There are computer-controlled manufacturing methods today, known as computer numerical control or CNC as opposed to the labor-intensive and incredibly unsafe practices of the industry’s first revolution. We are now in the fourth, known as industry 4.0 referenced on-the-dot for the integration of computers into manufacturing. 

Subtractive, additive and formative are methods of manufacturing used in the 21st century by businesses depending on their field. United Scientific Inc in St. Paul, MN uses top-of-the-line equipment, including the highly trained quality control department. The quality control department ensures every order is filled and delivered on time, as it should be. 

Types of manufacturing

lathe machine in a workshop , Part for equipment in the factory manufacturing metal structures

Additive, subtractive, and formative methods are the three categories of manufacturing. 

Subtractive manufacturing is the most utilized type of production today. Although 3-D printing has had many strides in the last decade, the cost and manufacturing time have held 3-D printing back from entering the mainstream on a full scale. 

3-D printing is a type of additive manufacturing – adding material layer by layer to eventually build a product. Powder metal is one substance used in additive manufacturing or 3-D printing, layering the material layer by layer until the design is complete. This method is captivating, although too slow to compete with the widely used subtractive process combined with the CNC machine.

The opposite is Subtractive method – removing material from the object the machine is shaping. Removing the subject medium being the most efficient type is utilized by several means, including laser and router. Computerized Numerical Control devices are often used in modern manufacturing for items such as gears, proprietary designs, everyday bolts, and collaborate designs. 

Third, Formulative manufacturing – this is molding or casting material to solidify into negative space, forming a positive result. Resin molds are popular these days, as well as an example of a formative method of production. The resin is poured into a mold and left to solidify, leaving the positive image.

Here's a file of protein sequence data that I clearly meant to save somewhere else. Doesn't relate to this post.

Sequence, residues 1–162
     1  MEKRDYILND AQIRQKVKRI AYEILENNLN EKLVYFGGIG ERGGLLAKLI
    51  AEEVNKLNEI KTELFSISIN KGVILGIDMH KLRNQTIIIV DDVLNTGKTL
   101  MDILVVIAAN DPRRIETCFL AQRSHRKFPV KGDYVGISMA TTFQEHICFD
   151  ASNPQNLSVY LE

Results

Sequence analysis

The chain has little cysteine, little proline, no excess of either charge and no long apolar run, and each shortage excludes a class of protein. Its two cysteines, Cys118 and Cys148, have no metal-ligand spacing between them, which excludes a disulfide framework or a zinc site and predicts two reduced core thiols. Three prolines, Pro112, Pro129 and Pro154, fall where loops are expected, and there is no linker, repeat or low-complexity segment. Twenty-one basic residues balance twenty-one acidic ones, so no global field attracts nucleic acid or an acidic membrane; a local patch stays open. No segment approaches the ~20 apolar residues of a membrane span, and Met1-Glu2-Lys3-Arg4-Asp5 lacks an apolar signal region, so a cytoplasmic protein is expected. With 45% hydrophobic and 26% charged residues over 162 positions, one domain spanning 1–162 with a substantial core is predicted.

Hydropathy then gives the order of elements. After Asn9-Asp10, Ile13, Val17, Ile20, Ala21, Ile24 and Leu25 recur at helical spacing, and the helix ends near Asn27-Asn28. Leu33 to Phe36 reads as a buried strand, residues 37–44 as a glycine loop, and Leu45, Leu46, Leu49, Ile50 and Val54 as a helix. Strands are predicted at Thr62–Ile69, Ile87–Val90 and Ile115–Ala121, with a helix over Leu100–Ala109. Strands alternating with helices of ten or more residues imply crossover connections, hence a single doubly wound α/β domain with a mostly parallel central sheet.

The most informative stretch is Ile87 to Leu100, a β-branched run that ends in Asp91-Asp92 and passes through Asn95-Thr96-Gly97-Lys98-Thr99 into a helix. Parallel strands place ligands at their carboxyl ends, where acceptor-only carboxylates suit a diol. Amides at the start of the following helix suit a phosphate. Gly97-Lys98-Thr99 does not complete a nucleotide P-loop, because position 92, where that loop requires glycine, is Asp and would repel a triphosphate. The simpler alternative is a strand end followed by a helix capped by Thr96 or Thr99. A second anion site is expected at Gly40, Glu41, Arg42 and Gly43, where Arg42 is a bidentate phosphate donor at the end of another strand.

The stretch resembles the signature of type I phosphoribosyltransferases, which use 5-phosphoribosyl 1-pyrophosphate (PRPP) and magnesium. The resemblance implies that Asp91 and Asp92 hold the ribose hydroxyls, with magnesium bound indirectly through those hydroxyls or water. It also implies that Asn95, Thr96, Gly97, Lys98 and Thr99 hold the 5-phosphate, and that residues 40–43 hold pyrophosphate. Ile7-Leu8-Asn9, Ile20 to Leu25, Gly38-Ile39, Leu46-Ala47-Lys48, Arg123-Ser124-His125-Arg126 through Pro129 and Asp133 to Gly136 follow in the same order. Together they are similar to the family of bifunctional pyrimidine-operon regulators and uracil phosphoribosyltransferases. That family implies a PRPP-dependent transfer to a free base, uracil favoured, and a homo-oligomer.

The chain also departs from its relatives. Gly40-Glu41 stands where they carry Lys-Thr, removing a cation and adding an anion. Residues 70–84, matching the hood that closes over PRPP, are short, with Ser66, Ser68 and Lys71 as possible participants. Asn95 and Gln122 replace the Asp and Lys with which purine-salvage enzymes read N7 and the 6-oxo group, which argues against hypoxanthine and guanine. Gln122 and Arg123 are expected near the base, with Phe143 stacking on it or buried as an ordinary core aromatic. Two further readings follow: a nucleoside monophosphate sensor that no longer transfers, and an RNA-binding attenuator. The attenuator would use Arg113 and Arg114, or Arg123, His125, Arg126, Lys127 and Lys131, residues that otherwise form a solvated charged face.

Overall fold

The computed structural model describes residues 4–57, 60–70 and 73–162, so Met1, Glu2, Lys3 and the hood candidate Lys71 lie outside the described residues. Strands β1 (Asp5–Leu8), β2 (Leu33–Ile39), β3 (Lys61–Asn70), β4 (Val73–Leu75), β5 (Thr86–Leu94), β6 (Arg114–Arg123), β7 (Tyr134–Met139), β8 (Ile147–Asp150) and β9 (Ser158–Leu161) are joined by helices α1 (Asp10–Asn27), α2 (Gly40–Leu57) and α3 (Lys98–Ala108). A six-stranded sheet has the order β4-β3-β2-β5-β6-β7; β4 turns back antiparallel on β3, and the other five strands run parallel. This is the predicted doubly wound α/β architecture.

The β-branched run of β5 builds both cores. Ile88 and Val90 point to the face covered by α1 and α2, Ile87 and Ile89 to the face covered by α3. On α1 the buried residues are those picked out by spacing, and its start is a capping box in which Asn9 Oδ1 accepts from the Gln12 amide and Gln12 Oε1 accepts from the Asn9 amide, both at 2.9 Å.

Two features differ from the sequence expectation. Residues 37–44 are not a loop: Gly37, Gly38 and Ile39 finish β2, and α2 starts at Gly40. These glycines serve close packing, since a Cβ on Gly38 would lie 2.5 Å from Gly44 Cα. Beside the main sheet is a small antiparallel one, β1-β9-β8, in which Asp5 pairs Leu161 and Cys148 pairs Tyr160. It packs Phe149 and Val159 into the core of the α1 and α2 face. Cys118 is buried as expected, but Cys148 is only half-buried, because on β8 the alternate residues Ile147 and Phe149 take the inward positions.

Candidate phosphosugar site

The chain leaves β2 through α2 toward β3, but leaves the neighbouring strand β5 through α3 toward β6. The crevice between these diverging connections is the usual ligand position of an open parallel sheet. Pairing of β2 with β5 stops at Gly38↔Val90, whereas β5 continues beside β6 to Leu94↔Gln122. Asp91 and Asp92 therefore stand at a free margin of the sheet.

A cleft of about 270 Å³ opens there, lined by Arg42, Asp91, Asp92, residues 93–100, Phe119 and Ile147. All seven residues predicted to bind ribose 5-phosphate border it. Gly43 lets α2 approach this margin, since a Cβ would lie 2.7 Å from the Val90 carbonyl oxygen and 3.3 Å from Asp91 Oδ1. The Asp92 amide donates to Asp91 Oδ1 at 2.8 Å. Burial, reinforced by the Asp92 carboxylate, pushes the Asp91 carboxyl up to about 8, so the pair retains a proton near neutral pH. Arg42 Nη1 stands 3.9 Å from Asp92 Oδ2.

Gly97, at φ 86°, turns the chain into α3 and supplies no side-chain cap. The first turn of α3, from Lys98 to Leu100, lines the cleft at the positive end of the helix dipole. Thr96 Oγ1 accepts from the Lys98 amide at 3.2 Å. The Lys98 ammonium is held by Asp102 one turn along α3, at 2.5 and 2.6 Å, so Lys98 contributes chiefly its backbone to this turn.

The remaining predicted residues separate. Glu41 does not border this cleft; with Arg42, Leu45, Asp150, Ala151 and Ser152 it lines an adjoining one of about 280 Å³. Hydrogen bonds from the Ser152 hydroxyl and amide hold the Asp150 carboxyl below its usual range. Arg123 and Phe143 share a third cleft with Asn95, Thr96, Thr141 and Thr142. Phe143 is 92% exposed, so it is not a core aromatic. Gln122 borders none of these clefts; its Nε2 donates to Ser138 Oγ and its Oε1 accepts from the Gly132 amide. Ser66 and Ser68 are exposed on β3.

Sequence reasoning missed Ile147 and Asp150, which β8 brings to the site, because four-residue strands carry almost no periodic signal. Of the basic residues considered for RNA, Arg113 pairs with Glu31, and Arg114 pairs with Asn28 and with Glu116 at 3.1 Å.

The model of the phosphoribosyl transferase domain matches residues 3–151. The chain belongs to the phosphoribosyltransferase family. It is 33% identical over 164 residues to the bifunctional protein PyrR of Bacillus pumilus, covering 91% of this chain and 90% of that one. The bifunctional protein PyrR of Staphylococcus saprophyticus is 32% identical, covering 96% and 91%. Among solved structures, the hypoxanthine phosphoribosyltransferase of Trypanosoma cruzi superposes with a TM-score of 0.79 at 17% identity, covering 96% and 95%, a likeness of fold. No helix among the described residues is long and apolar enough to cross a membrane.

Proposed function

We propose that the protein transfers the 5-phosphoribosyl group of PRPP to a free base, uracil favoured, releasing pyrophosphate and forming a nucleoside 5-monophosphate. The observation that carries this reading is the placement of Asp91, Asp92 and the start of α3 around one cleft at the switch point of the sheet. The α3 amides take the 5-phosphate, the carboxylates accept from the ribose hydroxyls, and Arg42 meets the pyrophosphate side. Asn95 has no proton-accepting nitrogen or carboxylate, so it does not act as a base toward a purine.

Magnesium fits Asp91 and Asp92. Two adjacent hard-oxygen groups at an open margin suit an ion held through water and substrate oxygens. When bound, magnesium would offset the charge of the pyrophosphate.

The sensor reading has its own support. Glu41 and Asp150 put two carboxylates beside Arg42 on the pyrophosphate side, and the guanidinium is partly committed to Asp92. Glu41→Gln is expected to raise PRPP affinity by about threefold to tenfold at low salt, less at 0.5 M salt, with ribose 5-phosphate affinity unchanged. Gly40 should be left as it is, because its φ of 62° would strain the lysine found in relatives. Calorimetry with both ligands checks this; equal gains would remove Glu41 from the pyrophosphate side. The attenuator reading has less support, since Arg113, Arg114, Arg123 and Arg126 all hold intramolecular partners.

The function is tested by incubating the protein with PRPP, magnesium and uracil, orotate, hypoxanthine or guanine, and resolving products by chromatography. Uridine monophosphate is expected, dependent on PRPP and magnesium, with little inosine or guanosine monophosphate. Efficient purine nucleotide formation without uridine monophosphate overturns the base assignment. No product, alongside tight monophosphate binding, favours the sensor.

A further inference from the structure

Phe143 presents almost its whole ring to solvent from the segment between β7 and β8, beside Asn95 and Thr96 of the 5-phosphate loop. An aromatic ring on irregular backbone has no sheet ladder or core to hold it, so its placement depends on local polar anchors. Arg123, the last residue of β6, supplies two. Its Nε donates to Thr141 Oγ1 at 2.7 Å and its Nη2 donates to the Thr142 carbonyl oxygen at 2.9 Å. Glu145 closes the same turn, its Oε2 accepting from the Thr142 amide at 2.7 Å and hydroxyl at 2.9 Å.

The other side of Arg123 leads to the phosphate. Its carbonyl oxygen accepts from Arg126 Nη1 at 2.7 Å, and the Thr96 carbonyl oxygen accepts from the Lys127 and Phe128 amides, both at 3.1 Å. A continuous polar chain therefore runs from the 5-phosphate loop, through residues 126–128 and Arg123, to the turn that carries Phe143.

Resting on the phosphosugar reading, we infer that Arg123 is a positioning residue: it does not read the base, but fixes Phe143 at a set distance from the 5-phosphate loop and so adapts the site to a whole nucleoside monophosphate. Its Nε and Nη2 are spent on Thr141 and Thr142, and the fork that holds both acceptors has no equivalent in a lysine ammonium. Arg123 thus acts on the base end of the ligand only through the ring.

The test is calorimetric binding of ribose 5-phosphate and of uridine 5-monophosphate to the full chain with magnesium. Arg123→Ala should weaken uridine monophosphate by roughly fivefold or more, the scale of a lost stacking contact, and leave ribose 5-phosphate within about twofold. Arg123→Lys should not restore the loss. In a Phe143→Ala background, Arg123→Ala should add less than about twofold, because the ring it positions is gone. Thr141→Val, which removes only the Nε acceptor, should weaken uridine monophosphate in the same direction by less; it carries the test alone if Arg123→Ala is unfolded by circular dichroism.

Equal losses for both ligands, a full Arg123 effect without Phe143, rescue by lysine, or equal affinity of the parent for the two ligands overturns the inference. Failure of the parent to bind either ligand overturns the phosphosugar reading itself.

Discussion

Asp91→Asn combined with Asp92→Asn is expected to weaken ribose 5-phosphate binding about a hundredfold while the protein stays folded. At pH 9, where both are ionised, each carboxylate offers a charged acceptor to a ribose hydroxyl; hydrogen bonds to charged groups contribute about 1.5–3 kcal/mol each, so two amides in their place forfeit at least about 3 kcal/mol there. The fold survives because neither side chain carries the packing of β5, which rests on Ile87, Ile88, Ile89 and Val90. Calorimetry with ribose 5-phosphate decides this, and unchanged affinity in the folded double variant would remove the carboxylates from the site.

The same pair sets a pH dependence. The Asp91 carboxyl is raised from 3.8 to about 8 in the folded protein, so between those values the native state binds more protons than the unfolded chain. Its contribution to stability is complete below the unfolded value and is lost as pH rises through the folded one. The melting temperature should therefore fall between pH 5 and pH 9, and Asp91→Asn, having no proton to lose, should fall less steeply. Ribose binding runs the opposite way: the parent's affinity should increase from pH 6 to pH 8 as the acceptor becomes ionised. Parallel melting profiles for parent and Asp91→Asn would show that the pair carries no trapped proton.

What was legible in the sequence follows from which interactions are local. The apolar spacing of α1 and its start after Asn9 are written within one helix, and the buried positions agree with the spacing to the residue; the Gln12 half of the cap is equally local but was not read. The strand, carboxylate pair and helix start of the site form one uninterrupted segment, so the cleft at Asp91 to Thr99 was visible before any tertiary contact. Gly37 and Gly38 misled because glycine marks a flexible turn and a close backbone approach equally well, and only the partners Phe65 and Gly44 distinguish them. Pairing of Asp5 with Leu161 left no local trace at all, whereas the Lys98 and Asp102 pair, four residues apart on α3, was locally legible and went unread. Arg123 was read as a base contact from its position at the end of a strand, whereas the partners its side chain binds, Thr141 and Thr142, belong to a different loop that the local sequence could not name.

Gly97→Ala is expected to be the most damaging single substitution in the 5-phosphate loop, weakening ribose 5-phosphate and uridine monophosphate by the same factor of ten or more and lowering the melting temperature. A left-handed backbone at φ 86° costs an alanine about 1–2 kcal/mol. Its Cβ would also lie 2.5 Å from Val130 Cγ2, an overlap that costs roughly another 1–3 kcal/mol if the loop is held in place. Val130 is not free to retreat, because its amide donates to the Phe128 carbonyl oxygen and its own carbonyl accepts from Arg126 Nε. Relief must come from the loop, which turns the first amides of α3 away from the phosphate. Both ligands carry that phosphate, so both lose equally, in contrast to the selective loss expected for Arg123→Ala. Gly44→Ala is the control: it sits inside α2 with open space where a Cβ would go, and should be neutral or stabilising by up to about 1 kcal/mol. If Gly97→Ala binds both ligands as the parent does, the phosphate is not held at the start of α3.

Products you would see created with these methods commercially use a CNC machine, machinist, and programmer for quality and quantity efficiency. Machinist learns the individual devices they use in conjunction with the CNC component. United Scientific Inc., for example, makes sure their employees are well informed, trained, and certified for their state-of-the-art equipment. 

What is Relatable to Me?

CNC projects or products are most commonly internal parts of a whole, also known as subtractive manufacturing. The general public would see a CNC router, producing engraved wooden signs in contrast to hand-carved signs seldom produced. Routers can create some artistic pieces using a variety of materials. Everyday modern items you need a CNC device to produce: 

  • Your smartphone
  • Aeronautics
  • Military equipment
  • Weaponry
  • Production line machines
  • Vehicles
  • Medical equipment
  • Some styles of artwork

The items listed above are the completed product in which computer-controlled machines cut, lathe, mill, and drill on several axes’ for the unbelievably fast result in modern manufacturing today. Given this technology and the introduction of the additive method 3-D printing, we are to expect surprising things in the future. We may even see flying cars from The Jetsons finally. 

CNC machines in modern manufacturing are rapidly filling the demand of other manufacturers and advancing their output. Integral components created using computer-assisted technology has grown the industry, making parts efficiently, giving the end-user access to products once unavailable. The ability to mass-produce a mechanism is a great leap forward for humankind. 

On a Serious Note

Modern manufacturing is at the beginning of a historical jump into the future. Science is at the forefront of this innovation craze, tech science to be precise. Artificial intelligence has been introduced on a publically usable scale, something we could not fathom without the technology innovations of the last few decades. A computer and printer can be the future of manufacturing, sending objects through a data stream printing on the other side.

We are witnessing the first-ever devices, such as Google Assistant and Siri, the general public can experience in their own homes. These machines continue to learn the habits of its user, sometimes knowing what you need before you do. Environment concerns will propel the modern manufacturer to upgrade and innovate, thus a need for additional development, safer equipment, and quicker turn-around times.